Once upon a time the citizens of a small kingdom far, far away created an amazing invention. Excited they were, so much so that they proudly displayed their new invention at a trade fair on the other side of the world and waited for the money to roll in.
People came from all around the world to gaze in admiration. Some were so impressed that they used the invention as the basis of what quickly became flat screen technology. Years later almost all the televisions in the world use that technology, giving other kingdoms billions of dollars of sales each year, with not a cent ever paid to the citizens of the small kingdom.
The citizens now say that they lost billions of dollars because they received poor legal advice. From what we understand though, they didn’t actually take any legal advice in the first place. If they had, they might still have valuable intellectual property and a very valuable business to keep or sell.
The citizens of the far off kingdom weren’t fortunate enough to be Gaze Burt clients, but their story is a salutary reminder of how the best laid plans can go astray when trying to maximise the potential of a business.
We often deal with business sales and purchases, some for small amounts and some for prices running to tens of millions. We have seen some clients of other firms learn the hard way that:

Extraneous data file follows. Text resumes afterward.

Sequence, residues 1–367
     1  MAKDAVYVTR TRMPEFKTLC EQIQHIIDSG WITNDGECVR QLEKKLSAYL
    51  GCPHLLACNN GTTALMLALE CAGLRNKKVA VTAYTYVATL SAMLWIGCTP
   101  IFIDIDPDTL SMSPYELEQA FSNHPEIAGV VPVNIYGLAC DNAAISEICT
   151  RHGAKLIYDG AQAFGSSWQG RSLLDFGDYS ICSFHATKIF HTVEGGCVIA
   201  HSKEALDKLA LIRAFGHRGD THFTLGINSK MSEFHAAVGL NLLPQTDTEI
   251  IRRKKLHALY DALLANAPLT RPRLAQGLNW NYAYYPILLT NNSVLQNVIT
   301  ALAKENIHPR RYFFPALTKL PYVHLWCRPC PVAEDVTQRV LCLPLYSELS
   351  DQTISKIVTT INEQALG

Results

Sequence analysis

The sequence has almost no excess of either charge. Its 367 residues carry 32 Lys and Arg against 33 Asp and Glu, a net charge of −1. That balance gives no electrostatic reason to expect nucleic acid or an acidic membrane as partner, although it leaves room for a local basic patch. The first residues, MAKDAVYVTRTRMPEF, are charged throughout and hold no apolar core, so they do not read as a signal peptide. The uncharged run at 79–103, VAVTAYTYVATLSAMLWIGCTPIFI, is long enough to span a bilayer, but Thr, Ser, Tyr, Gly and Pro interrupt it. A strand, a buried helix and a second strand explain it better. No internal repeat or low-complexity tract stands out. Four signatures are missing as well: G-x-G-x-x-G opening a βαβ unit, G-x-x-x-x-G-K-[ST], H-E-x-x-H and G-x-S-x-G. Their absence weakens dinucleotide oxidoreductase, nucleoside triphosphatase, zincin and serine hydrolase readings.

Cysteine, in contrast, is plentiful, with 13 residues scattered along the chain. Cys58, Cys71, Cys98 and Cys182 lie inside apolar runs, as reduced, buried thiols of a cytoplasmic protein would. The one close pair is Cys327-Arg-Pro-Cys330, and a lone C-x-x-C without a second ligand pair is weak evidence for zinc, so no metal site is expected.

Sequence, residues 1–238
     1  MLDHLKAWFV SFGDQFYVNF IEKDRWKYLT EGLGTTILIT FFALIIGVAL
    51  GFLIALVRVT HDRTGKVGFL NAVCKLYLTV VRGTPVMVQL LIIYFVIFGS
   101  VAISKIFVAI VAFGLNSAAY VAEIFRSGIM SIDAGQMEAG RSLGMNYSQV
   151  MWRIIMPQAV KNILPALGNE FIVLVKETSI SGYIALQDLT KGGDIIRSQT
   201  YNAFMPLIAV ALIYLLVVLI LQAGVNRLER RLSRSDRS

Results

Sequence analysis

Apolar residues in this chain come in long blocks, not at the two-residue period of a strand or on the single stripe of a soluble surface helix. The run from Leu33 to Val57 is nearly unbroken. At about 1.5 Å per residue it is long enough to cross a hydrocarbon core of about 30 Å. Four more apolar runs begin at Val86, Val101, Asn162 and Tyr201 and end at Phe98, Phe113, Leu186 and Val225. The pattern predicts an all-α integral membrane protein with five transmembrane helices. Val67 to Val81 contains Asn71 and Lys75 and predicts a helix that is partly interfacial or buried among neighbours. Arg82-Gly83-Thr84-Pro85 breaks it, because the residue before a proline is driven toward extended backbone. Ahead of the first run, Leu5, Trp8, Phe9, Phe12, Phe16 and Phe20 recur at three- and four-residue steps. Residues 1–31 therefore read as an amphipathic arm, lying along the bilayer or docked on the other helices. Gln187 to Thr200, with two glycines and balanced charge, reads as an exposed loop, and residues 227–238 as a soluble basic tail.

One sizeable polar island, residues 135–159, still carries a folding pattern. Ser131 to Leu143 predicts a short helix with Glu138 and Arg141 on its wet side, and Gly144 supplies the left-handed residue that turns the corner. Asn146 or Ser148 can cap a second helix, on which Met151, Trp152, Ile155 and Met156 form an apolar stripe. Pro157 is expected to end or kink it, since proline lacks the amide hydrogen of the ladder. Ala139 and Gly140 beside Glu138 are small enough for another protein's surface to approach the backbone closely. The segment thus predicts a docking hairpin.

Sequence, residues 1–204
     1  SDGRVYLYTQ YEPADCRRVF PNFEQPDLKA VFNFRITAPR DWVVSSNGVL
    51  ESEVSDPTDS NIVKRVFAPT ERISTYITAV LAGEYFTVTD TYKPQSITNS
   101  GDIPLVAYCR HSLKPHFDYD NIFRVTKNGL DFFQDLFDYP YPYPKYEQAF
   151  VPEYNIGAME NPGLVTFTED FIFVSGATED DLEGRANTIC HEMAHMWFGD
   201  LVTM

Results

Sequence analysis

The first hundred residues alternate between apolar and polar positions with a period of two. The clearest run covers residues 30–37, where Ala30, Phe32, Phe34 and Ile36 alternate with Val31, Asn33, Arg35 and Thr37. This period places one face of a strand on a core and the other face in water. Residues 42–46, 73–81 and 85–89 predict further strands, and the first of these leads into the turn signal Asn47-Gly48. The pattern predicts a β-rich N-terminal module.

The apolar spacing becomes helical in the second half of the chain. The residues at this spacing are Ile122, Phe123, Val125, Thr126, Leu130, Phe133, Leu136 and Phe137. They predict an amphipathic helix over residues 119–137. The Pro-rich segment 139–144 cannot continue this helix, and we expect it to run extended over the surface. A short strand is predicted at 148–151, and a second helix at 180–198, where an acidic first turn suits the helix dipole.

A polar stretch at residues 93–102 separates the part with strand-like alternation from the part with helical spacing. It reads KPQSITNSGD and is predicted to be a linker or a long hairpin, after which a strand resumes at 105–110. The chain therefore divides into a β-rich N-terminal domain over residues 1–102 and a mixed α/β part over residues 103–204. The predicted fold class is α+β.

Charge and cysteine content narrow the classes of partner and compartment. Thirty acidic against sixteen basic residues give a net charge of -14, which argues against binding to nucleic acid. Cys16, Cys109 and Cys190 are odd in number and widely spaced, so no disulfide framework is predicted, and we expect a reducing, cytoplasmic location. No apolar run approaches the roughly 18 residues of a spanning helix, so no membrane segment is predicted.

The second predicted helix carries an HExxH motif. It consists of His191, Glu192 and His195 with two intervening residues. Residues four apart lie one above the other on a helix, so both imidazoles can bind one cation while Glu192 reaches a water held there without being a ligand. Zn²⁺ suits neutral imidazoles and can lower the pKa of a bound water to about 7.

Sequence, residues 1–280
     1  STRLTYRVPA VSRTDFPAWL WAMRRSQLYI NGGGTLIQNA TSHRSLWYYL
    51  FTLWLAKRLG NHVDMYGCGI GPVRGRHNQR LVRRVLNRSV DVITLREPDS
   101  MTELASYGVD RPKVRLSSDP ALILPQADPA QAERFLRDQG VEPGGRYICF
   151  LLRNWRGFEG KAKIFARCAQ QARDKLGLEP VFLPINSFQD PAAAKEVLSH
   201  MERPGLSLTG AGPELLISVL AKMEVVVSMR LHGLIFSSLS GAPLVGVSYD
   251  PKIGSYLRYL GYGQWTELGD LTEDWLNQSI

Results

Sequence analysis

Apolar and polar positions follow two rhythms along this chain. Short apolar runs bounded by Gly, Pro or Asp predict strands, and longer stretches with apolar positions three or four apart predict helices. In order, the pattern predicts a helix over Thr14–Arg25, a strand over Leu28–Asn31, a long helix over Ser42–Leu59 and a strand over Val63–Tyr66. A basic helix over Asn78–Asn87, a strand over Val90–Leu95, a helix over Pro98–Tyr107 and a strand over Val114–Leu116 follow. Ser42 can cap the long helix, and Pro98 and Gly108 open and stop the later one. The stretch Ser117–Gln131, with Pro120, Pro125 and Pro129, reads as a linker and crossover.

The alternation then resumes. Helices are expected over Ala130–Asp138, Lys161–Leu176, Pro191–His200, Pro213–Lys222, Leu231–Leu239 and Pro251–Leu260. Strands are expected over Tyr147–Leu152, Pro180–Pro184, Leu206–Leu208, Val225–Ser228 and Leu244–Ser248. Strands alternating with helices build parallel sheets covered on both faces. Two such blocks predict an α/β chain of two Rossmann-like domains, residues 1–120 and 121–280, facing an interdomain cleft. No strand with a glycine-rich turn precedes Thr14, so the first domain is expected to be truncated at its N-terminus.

- Any important intellectual property needs to be identified and if possible protected. It’s very difficult to protect know how and not many businesses have inventions that can be patented, but many have designs, plans and other two or three dimensional material that have copyright protection.
- It’s best not to combine two completely separate businesses in one set of accounts. That makes it much harder to show separate sets of accounts to anyone wanting to buy either business.
- More sophisticated buyers work backwards to work out the value of a business. If for example it has a $200,000 profit any buyer expecting a 20% return will value the business at $1 million. This means that whenever you can increase your profit (often called EBITDA or similar) by $1, the value of your business will increase by $5.
- Sometimes people run all sorts of personal expenses through their businesses. If they can keep their accounts clean and maximise their sales figures for at least three years that can make an exponential increase in the value of the business.
- Most purchasers will check the amount of business income against the GST returns. Any anomalies will quickly be discovered.
- Anyone owning both a business and the property where it operates, should consider whether they could sell the business and lease the property to the new business owner. The rental income might provide a much needed income stream.
- It pays to avoid employment contracts requiring large redundancy payments. Even if a company is sold with all staff in place (which means that there are no actual redundancies), the law treats every staff member as technically redundant. Even though no one has lost their jobs, the sale might cost the vendor a fortune in redundancy pay.
Don’t be like the citizens of the small kingdom mentioned above. Plan for success and contact Gaze Burt when you need to buy or sell your business.